Ways to Develop Speech & Language Skills

As adults, we have opportunities to help children each and every day in developing their speech and language skills. Much of it is through natural opportunities and everyday routines.

The first recommendation I always make to parents is to talk. This sounds obvious, I know, but frequently in this age of high-tech gadgets, the art of conversation is lost. I joke to never stop talking. In all honesty, however, engaging in conversation and talking about everything and everyone in your environment is one of the easiest and best ways to help your child develop speech and language. An example: Talk about where you are going while running errands, what you will do at each location, why you need to do it, who will be at the location and what you see while there. Not only does this build context for your child, it builds vocabulary, familiarity with community and provides them with a good model of speech sounds and grammatical structure. Start this when children are babies (the earlier the better).

Engage in conversation with your child. When they ask a question, offer expanded information about the topic. Repeat their phrases and add more to it. This is a strategy of expansion and extension in which children learn the structure of language as well as context and vocabulary. Make sure to take turns and provide non-verbal participation as well, such as good eye-contact, facial expressions and intonation/tone. This helps children learn how to interpret and react to the non-verbal elements of communication, such as body language. Allow your child time to respond and to ask questions. Starting this early helps children develop critical thinking skills. 

Read to your child every single day. Establish a routine early and stick to it. Of course there will be days when this is not an option but make those the exception rather than the norm. Reading to children from an early age targets many skills that will be required of them when they reach and progress through school. Picture books provide a context and tangible reference for children to the language that is being shared in the story. As children begin reading themselves, continue reading aloud daily. This continues to help build vocabulary and enhance their knowledge and understanding of the language being used in the story. Allow them to read to you as well—this helps children continually improve their reading fluency as they encounter lengthier and more complicated words. Additionally, reading aloud helps children improve and build their joint attention, learning/understanding story structure, sequences, inferencing and more. All of that AND it’s fun!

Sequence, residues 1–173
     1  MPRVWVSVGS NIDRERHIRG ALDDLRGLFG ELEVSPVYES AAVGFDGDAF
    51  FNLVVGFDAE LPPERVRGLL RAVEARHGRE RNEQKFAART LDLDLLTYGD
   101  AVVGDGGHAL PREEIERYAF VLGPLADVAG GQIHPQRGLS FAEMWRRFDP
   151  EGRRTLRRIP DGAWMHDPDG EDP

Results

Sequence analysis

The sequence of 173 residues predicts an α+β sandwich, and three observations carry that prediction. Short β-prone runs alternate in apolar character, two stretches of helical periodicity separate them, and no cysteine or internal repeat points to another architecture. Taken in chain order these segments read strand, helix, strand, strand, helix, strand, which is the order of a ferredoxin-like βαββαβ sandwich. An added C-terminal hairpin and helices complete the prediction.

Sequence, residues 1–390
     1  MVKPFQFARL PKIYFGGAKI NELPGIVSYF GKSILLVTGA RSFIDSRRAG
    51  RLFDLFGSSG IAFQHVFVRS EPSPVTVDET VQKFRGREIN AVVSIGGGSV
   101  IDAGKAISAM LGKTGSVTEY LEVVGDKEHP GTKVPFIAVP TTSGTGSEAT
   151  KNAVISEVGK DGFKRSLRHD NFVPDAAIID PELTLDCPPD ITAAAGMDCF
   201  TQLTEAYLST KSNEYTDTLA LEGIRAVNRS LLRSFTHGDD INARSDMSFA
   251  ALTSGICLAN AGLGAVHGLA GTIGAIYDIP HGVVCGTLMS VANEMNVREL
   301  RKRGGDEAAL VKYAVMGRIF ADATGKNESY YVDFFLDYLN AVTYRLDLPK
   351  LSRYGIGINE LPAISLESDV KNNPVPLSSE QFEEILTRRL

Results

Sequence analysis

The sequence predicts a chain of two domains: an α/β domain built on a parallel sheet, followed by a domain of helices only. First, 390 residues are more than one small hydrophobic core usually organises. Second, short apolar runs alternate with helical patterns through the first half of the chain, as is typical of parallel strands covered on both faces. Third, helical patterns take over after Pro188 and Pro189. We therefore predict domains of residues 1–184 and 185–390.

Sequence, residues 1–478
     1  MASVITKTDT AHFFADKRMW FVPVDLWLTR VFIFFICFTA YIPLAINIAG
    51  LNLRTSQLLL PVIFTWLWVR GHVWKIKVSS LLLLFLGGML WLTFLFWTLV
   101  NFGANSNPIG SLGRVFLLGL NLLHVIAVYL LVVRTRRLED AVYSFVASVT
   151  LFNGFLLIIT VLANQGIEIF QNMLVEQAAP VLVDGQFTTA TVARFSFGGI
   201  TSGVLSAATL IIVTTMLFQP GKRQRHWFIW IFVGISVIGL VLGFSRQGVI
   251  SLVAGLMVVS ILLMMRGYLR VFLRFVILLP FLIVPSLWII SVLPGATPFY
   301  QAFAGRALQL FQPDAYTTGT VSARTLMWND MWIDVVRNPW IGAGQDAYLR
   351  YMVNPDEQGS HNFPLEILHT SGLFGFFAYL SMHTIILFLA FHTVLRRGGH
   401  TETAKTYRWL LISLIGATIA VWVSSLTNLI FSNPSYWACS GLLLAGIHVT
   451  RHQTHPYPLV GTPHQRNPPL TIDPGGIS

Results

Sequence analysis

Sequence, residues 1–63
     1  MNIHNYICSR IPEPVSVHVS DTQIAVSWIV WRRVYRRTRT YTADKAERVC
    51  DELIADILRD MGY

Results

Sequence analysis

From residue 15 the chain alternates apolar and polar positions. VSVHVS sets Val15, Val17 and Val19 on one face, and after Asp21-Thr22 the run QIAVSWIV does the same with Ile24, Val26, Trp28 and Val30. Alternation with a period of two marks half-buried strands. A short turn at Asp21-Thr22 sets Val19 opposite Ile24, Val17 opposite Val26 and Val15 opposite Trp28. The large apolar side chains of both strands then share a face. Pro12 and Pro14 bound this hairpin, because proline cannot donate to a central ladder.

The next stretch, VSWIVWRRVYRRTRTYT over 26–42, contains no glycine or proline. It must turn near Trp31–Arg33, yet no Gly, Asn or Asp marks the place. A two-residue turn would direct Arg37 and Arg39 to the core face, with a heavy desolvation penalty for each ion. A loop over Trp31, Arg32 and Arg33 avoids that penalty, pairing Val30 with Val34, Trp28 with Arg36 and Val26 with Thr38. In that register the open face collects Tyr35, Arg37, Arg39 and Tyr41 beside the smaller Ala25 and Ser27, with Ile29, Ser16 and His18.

Introduce a variety of vocabulary during conversation and reading. Explain the different shades of meaning between words that have similar meanings but have a different impact when used. The more words children hear, learn and digest, the stronger their vocabulary and reading skills in school and beyond. — “A world-famous study by researchers Betty Hart and Todd Risley (1995) found that some children heard thirty million fewer words by their 4th birthdays than others. The children who heard more words were better prepared when they entered school. These same kids, when followed into third grade, had bigger vocabularies, were stronger readers, and got higher test scores. The bottom line: the kids who started out ahead, stayed ahead; the kids who started out behind, stayed behind. This disparity in learning is referred to as the achievement gap.” Information from: http://thirtymillionwords.org/tmw-initiative/

Play with your child. When they are young, engage in pretend play. Be the customer at their restaurant or grocery store. This teaches reciprocal and social communication skills for routine daily interactions everyone experiences throughout life. Play dolls or superheros together. Build a tower and knock it down together. Incorporate conversation into all of these activities. As they age, play games together. This continually supports vocabulary development. It also helps children learn the routine of game-playing, when to compromise or when to remain steadfast in their position, how to be a gracious winner or loser, how to be supportive to other players, etc. Board and/or card games allow for conversation, development of attending skills/patience, the ability to develop strategy and planning skills, and more.


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